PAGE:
So, can we learn anything about real world mechanisms from such unrealistic models? The philosopher of social science Harold Kincaid has recently made an interesting suggestion for a (partially) positive answer. Kincaid rightly starts by indicating that it is vain to search for a general defense of unrealistic models in the social sciences and that each evaluation must be made on a case-by-case basis. Regarding perfect competition and game-theoretic models, Kincaid argues that may offer relevant explanations in spite of the fact that they build on highly unrealistic assumptions:

“The insight is that assumptions of the perfect competition and game theory models may just be assumptions the analyst – the economist or political scientist – uses to identify equilibria. However, in certain empirical applications, the explanations are equilibrium explanations that make no commitment to what process leads individuals to find equilibrium”

In my view, this account of the relevance of unrealistic models particularly works well in the case of mechanism design which is at the same time a highly theoretical but also applied branch of microeconomics. A typical approach in mechanism design is to consider that the right institutional design will entail equilibrium play from the players, even if the designer ignores the players’ actual preferences. The modeler does not make any commitment regarding how the players will find their way to the equilibrium. The model simply indicates that if the institutional set up has such or such characteristics (e.g. a continuous double bid auction), then the outcome will have such or such characteristics (e.g. allocative efficiency). It is then possible to check for this conjecture through experiments.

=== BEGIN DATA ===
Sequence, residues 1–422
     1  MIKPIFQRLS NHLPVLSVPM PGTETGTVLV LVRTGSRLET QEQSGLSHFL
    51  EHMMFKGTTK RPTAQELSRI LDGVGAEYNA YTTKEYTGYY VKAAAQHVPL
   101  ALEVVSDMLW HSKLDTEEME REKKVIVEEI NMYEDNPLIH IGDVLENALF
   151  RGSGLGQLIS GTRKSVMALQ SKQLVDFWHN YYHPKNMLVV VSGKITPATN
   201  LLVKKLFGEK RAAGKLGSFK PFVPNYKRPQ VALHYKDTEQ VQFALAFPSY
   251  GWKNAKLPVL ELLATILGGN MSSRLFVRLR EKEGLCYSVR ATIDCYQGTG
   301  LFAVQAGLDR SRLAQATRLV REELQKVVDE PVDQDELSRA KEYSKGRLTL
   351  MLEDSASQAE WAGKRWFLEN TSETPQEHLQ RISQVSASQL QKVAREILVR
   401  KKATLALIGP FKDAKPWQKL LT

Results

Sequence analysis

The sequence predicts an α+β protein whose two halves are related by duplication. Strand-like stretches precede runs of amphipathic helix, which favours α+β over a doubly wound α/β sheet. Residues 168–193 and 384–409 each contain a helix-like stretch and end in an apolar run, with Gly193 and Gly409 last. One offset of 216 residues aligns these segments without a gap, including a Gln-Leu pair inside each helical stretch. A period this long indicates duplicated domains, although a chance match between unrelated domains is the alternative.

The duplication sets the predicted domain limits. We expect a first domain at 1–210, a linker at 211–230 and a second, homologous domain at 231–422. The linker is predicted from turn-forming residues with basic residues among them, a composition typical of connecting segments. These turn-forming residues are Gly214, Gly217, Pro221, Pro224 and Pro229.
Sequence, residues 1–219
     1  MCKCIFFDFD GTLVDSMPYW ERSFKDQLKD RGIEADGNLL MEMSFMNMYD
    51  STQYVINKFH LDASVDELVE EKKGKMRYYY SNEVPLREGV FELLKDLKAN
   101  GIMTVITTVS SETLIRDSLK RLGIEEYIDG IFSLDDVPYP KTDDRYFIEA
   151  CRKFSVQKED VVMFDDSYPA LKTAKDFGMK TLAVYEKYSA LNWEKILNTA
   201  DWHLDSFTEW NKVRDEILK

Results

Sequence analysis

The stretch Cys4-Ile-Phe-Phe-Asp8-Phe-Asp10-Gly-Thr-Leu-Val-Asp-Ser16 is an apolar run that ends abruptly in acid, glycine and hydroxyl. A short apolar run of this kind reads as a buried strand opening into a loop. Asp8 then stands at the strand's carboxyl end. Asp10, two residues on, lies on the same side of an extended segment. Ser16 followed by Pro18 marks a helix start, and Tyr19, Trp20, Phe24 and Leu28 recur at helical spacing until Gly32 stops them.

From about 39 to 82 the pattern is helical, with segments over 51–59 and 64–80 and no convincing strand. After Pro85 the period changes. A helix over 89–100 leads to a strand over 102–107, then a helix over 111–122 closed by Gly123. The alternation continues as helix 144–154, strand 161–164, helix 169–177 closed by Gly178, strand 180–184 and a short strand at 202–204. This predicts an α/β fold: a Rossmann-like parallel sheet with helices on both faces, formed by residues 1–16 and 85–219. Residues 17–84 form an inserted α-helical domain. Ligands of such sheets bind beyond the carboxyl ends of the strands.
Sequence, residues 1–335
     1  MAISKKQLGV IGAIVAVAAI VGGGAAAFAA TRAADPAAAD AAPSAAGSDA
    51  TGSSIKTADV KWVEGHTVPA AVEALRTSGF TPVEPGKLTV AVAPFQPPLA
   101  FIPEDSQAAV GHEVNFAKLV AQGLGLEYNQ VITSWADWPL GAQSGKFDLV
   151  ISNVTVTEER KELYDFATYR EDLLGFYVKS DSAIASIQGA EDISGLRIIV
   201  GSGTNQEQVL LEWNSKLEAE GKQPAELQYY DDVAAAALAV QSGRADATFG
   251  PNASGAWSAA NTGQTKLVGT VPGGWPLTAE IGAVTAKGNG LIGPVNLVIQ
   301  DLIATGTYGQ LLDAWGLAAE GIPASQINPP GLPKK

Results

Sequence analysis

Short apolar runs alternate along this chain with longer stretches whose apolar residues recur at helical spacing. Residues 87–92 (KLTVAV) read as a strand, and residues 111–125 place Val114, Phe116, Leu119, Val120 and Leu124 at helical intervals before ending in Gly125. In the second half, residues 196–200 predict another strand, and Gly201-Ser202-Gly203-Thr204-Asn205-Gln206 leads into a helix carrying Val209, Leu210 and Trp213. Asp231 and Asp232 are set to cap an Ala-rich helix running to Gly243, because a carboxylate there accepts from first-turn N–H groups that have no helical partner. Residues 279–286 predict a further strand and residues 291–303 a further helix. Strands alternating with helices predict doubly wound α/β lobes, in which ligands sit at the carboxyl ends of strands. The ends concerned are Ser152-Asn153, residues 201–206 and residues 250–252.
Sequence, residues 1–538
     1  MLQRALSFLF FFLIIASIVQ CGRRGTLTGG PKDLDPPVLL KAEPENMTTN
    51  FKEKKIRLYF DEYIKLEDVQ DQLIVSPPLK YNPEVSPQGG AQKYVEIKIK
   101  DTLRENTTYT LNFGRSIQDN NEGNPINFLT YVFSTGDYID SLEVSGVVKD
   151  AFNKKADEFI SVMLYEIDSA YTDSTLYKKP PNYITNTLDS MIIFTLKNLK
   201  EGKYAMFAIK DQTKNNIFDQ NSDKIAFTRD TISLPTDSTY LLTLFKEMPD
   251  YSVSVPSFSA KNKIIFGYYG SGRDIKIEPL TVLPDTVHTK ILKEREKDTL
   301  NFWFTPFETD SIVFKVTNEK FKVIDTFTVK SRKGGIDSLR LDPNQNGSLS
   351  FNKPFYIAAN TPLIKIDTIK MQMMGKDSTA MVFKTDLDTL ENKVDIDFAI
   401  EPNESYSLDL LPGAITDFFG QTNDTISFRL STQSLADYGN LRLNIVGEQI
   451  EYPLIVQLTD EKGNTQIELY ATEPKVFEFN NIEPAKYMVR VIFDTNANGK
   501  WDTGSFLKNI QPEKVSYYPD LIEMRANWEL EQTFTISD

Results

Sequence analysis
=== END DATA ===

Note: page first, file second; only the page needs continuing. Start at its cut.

On this account, the model is thus merely a device to identify the equilibrium but has no use for explaining the mechanism through which the equilibrium is reached. It is not sure however that this account applies to rational choice models used in other settings, especially if experiments are impossible. For instance, Acemoglu & Robinson’s model highlight the importance of commitment to explain political transitions. Indeed, their theory aims at accounting for the change from a dictatorial equilibrium toward a democratic equilibrium. The elites’ ability to commit not to raise taxes in the future is the key feature that determines whether or not the political transition will occur. The model thus suggests that a highly general mechanism is at play but it is unsure which level of confidence we can have in this explanation given the highly unrealistic assumptions on which it builds. An alternative defense would be that the model’s value comes from the fact that it highlights a mechanism that may possibly partially explain political transitions. Thanks to the model, we perfectly understand how this mechanism works, even though we cannot be sure that this mechanism is actually responsible for the relevant phenomenon to be explained. In other words, the relevance of the model comes from the fact that it depicts a possible world which we are able to fully explore and that this world bears some (even remote) resemblance with the actual world. As I have argued elsewhere, many models in economics seem to be valued for this reason.